World Fantasy Convention 2013 – Saturday 2/11

Saturday started way too early but man, what a day! I met so many people on Saturday, my head is still spinning from it. All of them were equally lovely and recognizably crazy. You have no idea how good it feels to meet people how are equally passionate about Fantasy/Science Fiction as you are. There’s no effort needed with these people, something just clicks when you start talking. And once you start talking, there’s no stopping of course.

foto 1 (1)I started the day with one of the best panels I attended this WFC: “The Best of All Possible Worlds” about worldbuilding with Hal Duncan, Robin Hobb, Patrick Rothfuss, Robert Silverberg, Adrian Tchaikovsky and Ellen Kushner as moderator. We started off with the question: “Where do you start?” Patrick mentioned Tolkien as a great worldbuilder and that he defined the path that many walk today. He said that when you create a new world it should have some languages, but that he really isn’t a language expert. Is this a bad thing? No! You want someone who is enthusiastic about what he’s describing, not a professor. Everyone has something he’s a geek about and Patrick’s geekyness focusses on currencies and economy, so that features heavily in his novels more so than the languages for instance.
Adrian starts with a setting, a place: ‘what if there was a place where this or that…?’ From there on he just lets the plot and characters grow organically.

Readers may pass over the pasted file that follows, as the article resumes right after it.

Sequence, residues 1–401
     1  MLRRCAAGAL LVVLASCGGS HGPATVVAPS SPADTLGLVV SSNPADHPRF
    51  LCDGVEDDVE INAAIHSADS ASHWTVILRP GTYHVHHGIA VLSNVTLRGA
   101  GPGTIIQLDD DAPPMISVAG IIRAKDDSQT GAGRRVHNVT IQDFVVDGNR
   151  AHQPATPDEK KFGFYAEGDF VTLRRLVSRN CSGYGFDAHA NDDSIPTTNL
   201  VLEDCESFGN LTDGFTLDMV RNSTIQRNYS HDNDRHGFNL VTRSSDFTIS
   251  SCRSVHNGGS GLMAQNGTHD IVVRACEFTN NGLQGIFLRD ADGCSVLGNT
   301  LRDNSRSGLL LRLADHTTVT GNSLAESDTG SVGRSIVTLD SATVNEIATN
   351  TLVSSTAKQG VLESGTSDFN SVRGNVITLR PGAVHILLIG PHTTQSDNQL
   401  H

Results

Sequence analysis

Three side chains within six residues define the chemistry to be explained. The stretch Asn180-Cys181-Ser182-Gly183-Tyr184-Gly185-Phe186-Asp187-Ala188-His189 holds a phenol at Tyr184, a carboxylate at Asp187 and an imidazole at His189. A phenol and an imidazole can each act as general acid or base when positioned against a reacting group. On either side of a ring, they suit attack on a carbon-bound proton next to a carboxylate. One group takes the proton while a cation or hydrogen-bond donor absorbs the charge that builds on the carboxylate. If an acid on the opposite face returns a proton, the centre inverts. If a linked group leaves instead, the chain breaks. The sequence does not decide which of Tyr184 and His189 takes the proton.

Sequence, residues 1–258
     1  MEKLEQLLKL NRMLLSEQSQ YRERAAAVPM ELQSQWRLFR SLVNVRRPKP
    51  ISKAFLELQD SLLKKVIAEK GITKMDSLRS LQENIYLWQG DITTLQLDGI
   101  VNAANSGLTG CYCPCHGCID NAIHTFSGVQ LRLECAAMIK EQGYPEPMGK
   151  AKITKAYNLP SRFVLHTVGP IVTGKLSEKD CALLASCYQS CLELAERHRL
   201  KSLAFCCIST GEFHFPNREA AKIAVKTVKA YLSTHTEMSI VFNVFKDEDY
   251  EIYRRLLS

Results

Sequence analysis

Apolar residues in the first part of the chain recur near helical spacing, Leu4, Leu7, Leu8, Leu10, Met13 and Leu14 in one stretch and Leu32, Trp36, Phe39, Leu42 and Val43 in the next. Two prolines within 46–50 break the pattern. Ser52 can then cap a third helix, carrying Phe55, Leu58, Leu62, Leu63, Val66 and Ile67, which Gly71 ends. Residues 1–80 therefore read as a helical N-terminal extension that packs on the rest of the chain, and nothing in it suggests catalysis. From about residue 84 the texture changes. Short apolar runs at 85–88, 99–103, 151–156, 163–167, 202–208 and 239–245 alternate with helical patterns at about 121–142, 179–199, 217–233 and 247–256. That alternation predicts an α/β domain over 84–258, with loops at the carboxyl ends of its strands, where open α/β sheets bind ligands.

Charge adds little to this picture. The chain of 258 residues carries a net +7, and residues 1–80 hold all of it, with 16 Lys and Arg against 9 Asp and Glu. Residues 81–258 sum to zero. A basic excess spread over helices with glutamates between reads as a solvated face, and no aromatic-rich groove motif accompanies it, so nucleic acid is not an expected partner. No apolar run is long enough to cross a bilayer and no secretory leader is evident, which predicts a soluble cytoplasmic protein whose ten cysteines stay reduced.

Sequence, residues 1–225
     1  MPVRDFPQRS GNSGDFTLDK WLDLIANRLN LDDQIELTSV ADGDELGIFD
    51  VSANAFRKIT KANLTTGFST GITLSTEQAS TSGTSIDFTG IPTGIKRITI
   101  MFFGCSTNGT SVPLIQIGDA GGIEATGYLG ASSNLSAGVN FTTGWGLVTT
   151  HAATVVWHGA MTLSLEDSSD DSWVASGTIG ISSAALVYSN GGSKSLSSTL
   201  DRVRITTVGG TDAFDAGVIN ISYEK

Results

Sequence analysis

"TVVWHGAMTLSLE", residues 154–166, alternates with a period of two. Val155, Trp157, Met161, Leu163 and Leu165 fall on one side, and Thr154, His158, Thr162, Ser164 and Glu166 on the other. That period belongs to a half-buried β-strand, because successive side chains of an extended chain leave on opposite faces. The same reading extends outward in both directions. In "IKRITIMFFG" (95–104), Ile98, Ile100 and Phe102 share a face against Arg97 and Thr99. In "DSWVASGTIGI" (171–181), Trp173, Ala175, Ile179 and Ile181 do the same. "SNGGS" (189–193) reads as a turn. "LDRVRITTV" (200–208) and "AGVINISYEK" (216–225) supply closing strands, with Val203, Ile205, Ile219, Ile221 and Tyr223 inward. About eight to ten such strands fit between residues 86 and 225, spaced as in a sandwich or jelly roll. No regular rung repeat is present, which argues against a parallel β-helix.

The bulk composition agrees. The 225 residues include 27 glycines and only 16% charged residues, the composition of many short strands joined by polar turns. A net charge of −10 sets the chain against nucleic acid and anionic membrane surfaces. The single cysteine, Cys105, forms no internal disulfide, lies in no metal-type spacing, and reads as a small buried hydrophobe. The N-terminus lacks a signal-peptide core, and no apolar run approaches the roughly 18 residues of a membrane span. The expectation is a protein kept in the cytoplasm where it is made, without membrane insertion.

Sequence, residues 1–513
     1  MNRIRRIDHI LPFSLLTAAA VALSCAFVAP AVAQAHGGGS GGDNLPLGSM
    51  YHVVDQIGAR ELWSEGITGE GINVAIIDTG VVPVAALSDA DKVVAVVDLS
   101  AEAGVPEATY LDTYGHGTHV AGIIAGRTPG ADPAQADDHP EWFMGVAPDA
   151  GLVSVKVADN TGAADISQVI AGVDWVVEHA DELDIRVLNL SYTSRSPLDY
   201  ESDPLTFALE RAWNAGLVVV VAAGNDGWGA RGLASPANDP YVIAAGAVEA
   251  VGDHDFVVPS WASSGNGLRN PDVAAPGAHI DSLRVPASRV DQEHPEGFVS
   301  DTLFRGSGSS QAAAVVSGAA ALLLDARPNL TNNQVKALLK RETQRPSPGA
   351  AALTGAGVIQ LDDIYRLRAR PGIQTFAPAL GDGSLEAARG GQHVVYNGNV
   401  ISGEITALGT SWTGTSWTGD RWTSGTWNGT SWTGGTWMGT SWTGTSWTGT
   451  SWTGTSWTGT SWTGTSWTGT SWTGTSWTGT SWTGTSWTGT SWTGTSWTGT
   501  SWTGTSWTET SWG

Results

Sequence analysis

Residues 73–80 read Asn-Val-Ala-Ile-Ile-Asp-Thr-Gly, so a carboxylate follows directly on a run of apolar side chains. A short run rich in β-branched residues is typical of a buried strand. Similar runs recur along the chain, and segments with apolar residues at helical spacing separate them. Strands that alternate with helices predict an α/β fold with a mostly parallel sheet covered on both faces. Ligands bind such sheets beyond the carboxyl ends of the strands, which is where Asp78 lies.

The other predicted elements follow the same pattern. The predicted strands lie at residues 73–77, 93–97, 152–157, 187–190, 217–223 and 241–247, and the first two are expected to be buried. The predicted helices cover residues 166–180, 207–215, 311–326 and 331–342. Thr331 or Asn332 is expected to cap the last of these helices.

Robin always starts from a character and says once that’s done everyone around that character falls in to place. Hal also thinks the voice of the character is the most important part of the story. He says the setting is best seen through the character’s eyes, as a process of discovering. He calls his approach ‘worldblazing’ instead of ‘worldbuilding’, he makes it up as he goes along. Ellen agreed with this, you have to live the world through your character’s eyes.
With Patrick’s mention of geekery, the moderator got curious about the other panelists geek-obsessions in their books and what was at the other end: their smoking mirrors.
Hal admitted to being a language geek, but couldn’t be less interested in science and plausibility in his novels. Robin is a real geek where the biological basis of her magic is involved. Adrian is a science geek, especially evolutionary biology. He also said he’s quite obsessive when it comes to worldbuilding, he wants everything worked out in detail, even the clothes.
Patrick then began talking about a spectrum of worldbuilders: at the left side you have the setbuilders. They create wooden sets and paint them, like in Hollywood. The other side is for the Model Train builders with an extreme eye for detail. I thought this was a wonderful way of describing the different shades of worldbuilding.